• Rise above, but don't be afraid to confront. At first, try to minimize time spent around the bully, and ignore any bullying behavior. But sometimes, enough is enough, and you need to confront them. Explain how the negative treatment makes you feel, and ask them to stop. Sometimes perpetrators are not aware of the effect their actions have. Fifty-three percent of workers who were bullied at work confronted their bully, and 20 percent said the bullying stopped. 
  • Bring in the experts. Seventy-two percent of workers who were bullied at work do not report it to HR. Your HR team is trained in dealing with workplace conflict and can step in to help you solve the issue. 

What about LGBTQ youth?

Today, October 19th is GLAAD's Spirit Day, which is a means of speaking out against LGBTQ bullying and standing with LGBTQ youth.

Eighty-six percent of LGBT youth report being harassed at school and nearly 64 percent of LGBT students have reported hearing homophobic remarks from teachers or school staff due to their gender expression. This can be early stages of people in authority mocking others that they are responsible for.  

It's so imperative we create and teach tolerance in our world today. "We now have this new word bullycide in our lexicon, referring to people who have died by suicide as a result of bullying behavior," said Monica Lewinsky in an interview with InStyle, "Twenty percent of suicide in teens and young adults are because of bullying. In particular with teenage girls, suicide rates are at an all-time high for the last 40 years."

The Tyler Clementi Foundation was formed shortly after the death of college student Tyler Clementi. Although tragedies can bring positive outcomes, there will always be the emptiness of where Tyler could be today.

Tyler, at the age of eighteen, was a victim of the worst type of invasion of privacy, cyber harassment, and digital humiliation. In August 2010, Tyler started his freshman year at Rutgers University, excited about having the freedom to live openly as a gay man, as well as playing his violin at a high level of expertise at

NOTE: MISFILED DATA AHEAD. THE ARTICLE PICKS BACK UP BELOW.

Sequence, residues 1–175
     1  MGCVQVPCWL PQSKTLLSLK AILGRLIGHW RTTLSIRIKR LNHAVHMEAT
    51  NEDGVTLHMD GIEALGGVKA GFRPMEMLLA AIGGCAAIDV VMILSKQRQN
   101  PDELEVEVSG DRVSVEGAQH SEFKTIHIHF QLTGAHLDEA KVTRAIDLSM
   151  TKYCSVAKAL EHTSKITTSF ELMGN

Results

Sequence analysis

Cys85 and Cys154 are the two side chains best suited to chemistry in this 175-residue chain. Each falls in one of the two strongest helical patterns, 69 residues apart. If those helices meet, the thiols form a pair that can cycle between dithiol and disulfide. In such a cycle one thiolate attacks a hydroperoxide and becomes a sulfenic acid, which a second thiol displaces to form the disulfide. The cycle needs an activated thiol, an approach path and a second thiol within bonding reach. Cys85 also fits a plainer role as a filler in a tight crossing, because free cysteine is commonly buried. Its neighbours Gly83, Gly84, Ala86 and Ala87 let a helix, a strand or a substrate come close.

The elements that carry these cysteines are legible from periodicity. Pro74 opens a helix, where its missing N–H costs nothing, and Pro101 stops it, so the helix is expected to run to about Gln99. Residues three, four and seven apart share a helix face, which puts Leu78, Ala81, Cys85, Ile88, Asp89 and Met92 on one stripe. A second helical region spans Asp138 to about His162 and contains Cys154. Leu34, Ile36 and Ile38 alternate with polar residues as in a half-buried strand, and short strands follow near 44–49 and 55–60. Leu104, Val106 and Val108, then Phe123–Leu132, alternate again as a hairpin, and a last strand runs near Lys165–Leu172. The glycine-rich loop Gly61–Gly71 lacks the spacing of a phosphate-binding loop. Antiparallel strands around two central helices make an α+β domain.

the university. Sadly, this all came to a screeching halt just weeks after school started.

One evening, Tyler asked his roommate, Dharun Ravi, for some privacy, because he had a date. Ravi agreed, but what happened next was horrific. Ravi secretly recorded Tyler and his date on his webcam and invited others to view it online. No one stopped this invasion of privacy. By the time Tyler discovered what had happened, it had already gone viral on Ravi’s Twitter feed, and Tyler was the topic of ridicule and cyber humiliation. He also found out that Ravi was planning to do it again. It was simply too much. Tyler decided to end his life by jumping off the
George Washington Bridge a few days later.

To honor Tyler, his parents, Jane and Joe, organized the Tyler Clementi Foundation, a New York City–based nonprofit dedicated to fighting cyberbullying and helping countless youths, adults, educators, and communities understand the importance of being an “Upstander” who pledges to stand up in the face of online shaming.

As we live in a society that is digitally connected, it's become easy for these offline bullies to take aim at their victims through a keypad. We have to remember, there's a soul on the other-side of the screen.  In the foreword of Shame Nation: The Global Epidemic of Online Hate, Monica Lewinsky reminds us again, "But ultimately, as a society we can—and must—do better to help protect others online, be mindful of our own clicking behavior, and remember neutral compassion."